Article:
Second, Isaiah’s oracle decrees that God defines what is out of place. What exactly did God find growing that God did not plant? Of this, we do not have to wonder – injustice and bloodshed, unrighteousness and the cries of people. The people that God freed from injustice and unrighteousness in Egypt have themselves become the very thing they cried out to the Lord to free them from. The people of God have mistreated their neighbor and one another. Those who were once oppressed have become violent oppressors. We are not sure at the people’s response to this, but my guess would be that of shock. If you did a survey of the people of Israel back then asking, “What is out of place in your world,” I am not sure their answer would have come back with a resounding “Us!” Perhaps they would have pointed to foreign powers, certain failed worship observances, or even (as addressed above) to God. Yet, God points to the mistreatment of neighbor and the injustice amongst them as the “sour grapes” that don’t belong in the vineyard. I wonder if we were to think about what does or does not belong in our own communities, what we would point to. Lately, we seem to be pointing to the “other” – to a particular generation, political party, group, etc. Our perception as people inside the vineyard of the Church is clouded because we already have our own idea of what is in and out of place. But the truth is, we did not build the Church! God did! So, when God confronts us about what kind of actions do or do not belong in the church, we cannot argue. And as far as this passage testifies, it is especially the mistreatment of others, the exclusion of others, and the oppression of others that does not belong to the Church. Tolerance of such things and/or participation in such things is a corruption amongst God’s people, not because we say so but because God built us and knows best. God’s purposes have supremacy over ours!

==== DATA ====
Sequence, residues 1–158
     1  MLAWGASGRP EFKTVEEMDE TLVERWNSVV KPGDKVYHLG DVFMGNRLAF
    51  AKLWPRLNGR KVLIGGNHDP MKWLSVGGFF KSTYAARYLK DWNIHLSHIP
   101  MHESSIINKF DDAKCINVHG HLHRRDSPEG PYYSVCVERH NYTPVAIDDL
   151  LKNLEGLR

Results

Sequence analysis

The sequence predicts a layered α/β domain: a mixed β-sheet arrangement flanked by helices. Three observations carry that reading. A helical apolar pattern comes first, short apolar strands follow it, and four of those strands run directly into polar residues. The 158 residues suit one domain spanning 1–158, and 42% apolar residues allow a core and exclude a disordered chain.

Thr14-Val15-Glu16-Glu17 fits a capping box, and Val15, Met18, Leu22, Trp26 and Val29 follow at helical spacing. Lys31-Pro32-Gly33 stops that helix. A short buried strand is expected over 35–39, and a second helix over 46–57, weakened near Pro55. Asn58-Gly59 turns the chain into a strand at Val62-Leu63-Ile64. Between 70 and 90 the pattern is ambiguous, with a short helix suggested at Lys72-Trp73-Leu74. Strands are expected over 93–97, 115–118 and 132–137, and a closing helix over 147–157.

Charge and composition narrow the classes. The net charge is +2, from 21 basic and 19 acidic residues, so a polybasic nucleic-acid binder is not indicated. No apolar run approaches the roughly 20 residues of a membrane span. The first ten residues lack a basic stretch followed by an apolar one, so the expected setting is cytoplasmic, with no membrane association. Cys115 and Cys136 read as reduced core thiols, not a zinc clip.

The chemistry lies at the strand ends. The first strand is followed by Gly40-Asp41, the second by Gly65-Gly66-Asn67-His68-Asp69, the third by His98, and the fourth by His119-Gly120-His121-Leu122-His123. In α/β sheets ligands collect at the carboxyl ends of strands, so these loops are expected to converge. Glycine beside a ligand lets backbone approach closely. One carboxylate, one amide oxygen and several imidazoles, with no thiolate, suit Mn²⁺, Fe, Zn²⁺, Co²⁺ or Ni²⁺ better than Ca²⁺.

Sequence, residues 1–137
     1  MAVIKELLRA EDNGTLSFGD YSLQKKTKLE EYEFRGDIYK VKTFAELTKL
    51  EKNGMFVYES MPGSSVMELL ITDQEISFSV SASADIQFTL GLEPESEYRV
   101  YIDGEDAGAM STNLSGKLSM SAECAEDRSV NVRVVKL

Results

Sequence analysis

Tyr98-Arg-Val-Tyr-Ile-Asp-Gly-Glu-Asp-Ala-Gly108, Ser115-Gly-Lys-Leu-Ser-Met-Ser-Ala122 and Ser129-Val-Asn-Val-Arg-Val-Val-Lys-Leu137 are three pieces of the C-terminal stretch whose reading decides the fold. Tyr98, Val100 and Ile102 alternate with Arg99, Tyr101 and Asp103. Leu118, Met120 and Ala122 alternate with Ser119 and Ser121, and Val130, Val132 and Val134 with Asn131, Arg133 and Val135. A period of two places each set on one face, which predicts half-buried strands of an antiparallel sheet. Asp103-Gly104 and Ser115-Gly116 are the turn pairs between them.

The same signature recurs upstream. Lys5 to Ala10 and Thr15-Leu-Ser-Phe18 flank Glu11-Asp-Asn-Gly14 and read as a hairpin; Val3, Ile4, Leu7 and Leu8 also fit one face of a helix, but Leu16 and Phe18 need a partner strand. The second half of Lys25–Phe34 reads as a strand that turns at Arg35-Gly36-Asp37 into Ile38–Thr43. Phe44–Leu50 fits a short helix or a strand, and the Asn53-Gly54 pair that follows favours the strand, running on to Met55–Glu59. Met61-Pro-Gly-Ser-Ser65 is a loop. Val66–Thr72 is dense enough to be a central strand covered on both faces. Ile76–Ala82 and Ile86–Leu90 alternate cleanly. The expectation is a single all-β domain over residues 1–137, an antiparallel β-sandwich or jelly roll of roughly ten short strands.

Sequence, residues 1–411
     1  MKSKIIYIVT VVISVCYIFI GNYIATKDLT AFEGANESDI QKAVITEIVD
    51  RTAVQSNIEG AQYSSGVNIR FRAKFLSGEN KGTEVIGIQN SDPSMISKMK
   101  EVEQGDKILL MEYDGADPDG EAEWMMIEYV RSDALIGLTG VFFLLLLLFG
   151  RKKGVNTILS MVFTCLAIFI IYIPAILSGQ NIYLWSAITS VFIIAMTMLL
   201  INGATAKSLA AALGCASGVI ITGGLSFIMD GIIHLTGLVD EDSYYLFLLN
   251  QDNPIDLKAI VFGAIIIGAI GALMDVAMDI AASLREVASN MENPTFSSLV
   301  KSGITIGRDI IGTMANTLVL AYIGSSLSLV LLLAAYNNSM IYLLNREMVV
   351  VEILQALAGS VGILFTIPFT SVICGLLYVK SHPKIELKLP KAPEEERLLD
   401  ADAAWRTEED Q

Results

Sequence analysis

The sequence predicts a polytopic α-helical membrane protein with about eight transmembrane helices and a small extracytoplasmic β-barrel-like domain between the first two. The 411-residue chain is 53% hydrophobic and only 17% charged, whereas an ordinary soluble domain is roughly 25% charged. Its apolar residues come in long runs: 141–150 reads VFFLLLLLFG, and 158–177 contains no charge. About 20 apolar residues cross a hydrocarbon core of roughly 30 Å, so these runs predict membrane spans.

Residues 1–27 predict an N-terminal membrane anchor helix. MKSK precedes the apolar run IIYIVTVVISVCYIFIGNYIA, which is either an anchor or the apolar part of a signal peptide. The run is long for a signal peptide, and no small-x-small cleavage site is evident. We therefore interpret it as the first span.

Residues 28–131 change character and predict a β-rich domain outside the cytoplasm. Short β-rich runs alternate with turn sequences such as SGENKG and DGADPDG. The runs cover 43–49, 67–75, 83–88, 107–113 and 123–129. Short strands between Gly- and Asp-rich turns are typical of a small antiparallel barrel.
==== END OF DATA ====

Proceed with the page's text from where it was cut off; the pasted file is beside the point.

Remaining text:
Finally, we hear the uncomfortable but good news that God is the one who will make things right. Just as God built the vineyard, God can tear it down! God knows what needs to happen for there to be renewal. The unrighteousness and injustice amongst the people of God cannot stand. It does not belong. This might lead us to ask, “Is there hope for the vineyard?” While in this passage, God does not speak directly of the plan to rebuild, we know that God has hope for God’s people because of the way that God built them up. God built the vineyard with the winepress already there. God knows the potential of God’s people, but just as the people could not have established and created themselves, it is only God who can redeem them. How does a problem so interwoven into the people get fixed? It is uprooting and tearing down that is necessary for change to occur. This picture that Isaiah paints resembles God’s commission to the prophet Jeremiah: “See, today I appoint you over nations and over kingdoms, to pluck up and to pull down, to destroy and to overthrow, to build and to plant (Jer. 1:10).” In order for there to be a change for the vineyard, God will tear down the watchtower, the winepress and will have to uproot the ground so that the wild grapes will have no part in the rebuilding. It is only through a grand restructuring that God can bring new creation to such a broken vineyard. It is uncomfortable, and not easy. Yet, we take hope that the one who built the vineyard – the one who built creation, Israel, the Church, and is building the Kingdom – knows when things are out of place. What is more, God knows how to fix the problem. Indeed, God is not shy about pointing it out and demanding that we follow God toward the Kingdom vision God has for us. God has built us, established us, sustained us, and in Christ has done all that is necessary for us to be whole and holy. Even with the things that are out of place, God can repair and rebuild us. The God who created is the God who saves. God has plans for us!